Derek Chignell: Science and Drugs
With the topic at Thursday’s Ohana gathering about how God uses both God’s works (nature) and God’s word, it came alive during Derek Chignell’s week of teaching.
It made me sad to learn that some pastors and churches discourage scientific exploration because “it’s not in the Bible” or that you should “just believe” and not question things. For some subjects, there’s harmony between the bible and the science views. Where there’s none, then it’s best to listen to the other side’s viewpoints without getting into a flaming war.
Drugs that are abused fall into four main categories: depressants, stimulants, hallucinogens, and antipsychotic. Cocaine and crack are the most addictive ones, and even those fall into psychological addictions rather than physical, unlike caffeine which has physical addictions.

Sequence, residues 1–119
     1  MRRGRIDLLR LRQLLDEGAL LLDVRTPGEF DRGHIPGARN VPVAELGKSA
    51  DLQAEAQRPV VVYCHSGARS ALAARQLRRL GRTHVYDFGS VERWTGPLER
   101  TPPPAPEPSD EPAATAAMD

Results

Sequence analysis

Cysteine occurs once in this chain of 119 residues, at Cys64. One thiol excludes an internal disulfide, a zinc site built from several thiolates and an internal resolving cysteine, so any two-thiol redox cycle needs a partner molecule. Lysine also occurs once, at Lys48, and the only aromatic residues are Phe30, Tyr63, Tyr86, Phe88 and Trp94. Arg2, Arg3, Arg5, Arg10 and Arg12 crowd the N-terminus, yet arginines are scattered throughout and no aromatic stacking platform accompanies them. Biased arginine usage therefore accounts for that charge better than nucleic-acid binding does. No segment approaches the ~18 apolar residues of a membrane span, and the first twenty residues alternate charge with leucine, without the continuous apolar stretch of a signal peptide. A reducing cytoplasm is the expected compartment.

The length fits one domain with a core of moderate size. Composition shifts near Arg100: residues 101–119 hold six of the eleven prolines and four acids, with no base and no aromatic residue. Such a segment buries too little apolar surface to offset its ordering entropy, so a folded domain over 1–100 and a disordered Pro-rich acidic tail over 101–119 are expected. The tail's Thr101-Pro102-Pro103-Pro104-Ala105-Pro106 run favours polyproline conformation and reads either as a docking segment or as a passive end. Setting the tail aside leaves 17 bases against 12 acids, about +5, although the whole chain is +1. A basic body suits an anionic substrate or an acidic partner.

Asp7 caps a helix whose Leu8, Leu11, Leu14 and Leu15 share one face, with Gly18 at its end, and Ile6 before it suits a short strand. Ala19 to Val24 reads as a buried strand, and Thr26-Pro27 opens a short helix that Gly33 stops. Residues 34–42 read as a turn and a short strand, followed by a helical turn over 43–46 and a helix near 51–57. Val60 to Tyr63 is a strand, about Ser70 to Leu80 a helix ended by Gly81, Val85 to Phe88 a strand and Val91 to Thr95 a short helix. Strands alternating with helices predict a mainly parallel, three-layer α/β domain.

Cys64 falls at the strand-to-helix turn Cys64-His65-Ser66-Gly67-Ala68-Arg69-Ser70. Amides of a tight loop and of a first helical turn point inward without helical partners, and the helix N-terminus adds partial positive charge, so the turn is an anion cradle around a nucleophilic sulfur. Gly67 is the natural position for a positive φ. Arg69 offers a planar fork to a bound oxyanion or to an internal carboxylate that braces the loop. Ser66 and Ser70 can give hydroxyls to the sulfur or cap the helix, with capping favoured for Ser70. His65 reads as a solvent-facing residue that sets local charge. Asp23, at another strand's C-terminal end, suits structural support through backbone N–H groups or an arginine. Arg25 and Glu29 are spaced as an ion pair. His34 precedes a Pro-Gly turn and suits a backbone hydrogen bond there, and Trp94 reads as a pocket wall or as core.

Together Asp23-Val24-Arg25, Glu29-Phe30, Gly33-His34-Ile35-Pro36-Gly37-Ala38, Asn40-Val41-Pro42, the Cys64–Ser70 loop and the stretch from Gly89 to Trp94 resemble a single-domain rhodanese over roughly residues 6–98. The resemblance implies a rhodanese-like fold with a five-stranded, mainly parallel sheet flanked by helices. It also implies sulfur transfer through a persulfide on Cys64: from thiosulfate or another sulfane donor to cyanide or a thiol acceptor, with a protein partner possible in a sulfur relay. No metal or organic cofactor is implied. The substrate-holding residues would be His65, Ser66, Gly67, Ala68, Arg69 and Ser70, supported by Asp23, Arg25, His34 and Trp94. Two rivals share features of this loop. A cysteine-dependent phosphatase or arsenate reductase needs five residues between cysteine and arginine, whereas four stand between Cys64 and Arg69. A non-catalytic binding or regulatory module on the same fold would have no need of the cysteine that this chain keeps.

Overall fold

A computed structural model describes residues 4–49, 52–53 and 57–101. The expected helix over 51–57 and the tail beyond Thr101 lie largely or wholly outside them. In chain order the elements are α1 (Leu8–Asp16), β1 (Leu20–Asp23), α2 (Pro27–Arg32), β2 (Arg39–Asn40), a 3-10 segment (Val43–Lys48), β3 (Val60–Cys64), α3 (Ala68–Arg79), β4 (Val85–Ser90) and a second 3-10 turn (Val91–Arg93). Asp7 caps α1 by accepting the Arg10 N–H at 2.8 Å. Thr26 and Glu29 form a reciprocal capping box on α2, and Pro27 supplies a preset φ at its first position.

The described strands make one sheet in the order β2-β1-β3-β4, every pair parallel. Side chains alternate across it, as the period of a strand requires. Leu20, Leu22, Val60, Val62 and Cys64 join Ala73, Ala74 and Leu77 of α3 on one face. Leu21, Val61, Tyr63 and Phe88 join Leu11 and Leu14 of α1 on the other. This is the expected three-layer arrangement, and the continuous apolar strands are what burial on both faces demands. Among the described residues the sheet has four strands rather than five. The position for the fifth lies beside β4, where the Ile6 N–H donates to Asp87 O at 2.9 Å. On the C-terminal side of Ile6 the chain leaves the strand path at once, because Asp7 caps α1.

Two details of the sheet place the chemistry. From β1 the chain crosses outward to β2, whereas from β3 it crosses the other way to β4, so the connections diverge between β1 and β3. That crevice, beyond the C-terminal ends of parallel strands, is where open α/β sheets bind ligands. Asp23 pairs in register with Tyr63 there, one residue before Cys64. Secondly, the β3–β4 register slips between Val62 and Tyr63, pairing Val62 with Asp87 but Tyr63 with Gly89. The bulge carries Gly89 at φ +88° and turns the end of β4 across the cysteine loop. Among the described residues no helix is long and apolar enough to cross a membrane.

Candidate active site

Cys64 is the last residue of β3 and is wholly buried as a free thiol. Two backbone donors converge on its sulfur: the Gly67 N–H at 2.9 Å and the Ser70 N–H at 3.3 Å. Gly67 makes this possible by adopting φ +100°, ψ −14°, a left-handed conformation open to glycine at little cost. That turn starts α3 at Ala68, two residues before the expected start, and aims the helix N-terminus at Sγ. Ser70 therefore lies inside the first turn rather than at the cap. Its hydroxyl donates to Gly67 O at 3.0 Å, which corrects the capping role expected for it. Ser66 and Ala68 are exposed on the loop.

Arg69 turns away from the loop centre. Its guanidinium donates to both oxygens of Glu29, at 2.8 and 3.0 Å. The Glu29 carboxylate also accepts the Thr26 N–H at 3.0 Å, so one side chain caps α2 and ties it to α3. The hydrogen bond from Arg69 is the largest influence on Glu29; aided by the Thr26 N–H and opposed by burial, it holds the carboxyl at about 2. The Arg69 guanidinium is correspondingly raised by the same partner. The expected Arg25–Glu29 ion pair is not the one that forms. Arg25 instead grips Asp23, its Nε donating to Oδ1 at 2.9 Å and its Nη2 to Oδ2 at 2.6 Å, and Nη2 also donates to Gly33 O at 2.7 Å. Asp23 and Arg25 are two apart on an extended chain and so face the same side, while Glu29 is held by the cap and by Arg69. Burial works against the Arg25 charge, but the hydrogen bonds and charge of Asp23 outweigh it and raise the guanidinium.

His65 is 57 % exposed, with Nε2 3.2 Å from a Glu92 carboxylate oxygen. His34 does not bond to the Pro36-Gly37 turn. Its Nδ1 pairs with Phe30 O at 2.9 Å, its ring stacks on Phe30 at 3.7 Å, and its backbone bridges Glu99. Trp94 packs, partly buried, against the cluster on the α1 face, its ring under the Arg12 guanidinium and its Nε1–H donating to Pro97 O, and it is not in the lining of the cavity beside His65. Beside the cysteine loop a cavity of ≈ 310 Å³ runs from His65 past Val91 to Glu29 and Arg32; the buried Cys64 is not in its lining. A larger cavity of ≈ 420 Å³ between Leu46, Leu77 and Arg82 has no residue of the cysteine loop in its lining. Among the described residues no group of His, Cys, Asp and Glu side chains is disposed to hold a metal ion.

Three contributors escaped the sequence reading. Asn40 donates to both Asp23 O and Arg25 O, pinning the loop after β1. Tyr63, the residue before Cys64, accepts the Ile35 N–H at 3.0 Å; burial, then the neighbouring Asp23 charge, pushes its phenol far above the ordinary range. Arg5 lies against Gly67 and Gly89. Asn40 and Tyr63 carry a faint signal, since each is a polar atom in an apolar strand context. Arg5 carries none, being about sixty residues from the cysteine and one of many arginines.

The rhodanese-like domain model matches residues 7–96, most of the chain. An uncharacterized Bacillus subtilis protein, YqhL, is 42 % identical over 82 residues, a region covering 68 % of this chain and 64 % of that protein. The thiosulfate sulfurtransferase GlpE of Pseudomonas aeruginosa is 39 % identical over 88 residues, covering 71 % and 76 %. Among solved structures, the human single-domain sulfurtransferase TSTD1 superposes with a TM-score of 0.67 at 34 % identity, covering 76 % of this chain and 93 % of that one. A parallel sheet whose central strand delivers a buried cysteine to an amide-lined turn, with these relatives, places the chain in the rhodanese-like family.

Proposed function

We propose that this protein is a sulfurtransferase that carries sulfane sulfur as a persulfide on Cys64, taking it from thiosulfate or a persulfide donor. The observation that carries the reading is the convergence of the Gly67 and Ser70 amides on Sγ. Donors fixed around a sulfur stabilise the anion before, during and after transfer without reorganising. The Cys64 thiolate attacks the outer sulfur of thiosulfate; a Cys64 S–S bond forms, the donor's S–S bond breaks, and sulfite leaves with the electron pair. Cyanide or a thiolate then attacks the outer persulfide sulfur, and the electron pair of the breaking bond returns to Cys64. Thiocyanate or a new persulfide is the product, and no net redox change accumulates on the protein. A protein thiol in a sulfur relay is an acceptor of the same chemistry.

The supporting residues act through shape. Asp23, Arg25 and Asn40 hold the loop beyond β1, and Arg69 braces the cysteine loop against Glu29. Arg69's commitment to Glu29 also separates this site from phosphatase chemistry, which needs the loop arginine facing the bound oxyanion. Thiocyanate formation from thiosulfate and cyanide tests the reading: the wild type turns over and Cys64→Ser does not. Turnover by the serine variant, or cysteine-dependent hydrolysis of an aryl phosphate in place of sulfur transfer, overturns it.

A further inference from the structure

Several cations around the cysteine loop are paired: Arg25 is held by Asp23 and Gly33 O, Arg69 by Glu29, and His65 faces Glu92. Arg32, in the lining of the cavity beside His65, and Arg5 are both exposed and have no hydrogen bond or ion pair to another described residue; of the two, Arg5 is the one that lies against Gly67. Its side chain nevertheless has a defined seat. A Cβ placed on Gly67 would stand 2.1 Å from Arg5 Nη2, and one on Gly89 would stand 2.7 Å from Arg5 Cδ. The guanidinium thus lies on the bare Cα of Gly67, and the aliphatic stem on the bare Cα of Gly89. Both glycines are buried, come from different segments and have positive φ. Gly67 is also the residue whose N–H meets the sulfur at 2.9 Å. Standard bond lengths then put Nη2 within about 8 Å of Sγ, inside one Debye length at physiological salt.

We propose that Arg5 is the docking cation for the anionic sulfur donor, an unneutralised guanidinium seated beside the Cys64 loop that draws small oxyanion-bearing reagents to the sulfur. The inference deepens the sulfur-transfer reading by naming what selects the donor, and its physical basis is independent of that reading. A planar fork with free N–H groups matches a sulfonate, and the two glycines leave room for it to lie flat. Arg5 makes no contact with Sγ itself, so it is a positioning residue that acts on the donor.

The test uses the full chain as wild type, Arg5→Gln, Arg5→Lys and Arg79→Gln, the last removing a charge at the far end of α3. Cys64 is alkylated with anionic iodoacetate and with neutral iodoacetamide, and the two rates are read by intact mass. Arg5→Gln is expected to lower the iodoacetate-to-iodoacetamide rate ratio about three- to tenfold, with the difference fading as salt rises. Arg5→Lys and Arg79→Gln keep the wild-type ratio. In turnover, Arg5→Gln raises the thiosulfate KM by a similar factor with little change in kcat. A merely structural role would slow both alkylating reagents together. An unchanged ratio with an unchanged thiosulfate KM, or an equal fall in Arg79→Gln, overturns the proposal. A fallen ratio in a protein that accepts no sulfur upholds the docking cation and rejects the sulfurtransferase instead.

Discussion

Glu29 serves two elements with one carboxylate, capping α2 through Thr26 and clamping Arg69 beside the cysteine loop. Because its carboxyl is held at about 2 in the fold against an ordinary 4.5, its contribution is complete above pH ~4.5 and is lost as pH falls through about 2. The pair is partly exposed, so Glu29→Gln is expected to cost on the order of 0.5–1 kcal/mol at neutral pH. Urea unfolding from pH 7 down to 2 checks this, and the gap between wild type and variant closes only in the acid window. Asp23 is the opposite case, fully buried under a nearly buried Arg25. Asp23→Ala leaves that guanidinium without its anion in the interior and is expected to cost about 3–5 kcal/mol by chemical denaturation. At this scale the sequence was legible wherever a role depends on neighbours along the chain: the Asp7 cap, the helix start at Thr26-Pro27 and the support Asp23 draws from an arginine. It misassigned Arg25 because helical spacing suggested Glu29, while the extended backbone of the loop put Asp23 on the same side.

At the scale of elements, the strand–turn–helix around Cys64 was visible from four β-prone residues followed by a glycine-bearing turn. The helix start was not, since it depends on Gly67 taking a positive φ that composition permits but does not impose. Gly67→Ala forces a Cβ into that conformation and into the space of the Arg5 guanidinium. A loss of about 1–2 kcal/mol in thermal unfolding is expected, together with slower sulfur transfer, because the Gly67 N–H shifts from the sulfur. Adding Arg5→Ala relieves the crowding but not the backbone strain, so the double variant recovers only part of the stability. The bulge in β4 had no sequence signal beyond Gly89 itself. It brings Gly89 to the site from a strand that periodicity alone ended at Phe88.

Also we learned about receptor theory, which is the nerves have chemical bags right before the synapse, and when the electric impulse comes down the nerve and releases the chemical, they exit the end of the nerve and attach to the receptors at the head of the next nerve. Then there’s either an enzyme that cleans up those chemicals or the chemicals are re-uptaked inside chemical bags again, ready to be used again.
With this and much more information, I gained a better appreciation of what drugs do. Some drugs release things similar to what is already present, and other drugs simply block the natural chemical from reaching to the next nerve. I even thought that they should relax the restrictions on psilocybin for medicinal use, since the studies show improvement among patients needing relief from depression and anxiety.
Throughout the week, a sense of wonder about the ways our bodies worked also encouraged me. There’s so many ways that the chemicals in the nerves work, so far there’s 19 different transmitters such as serotonin and GABA and so on.
I love science and wish that there wasn’t such a war between faith and science, so it will be something to consider when talking to non-believers, to see if there’s a way to bridge the gap.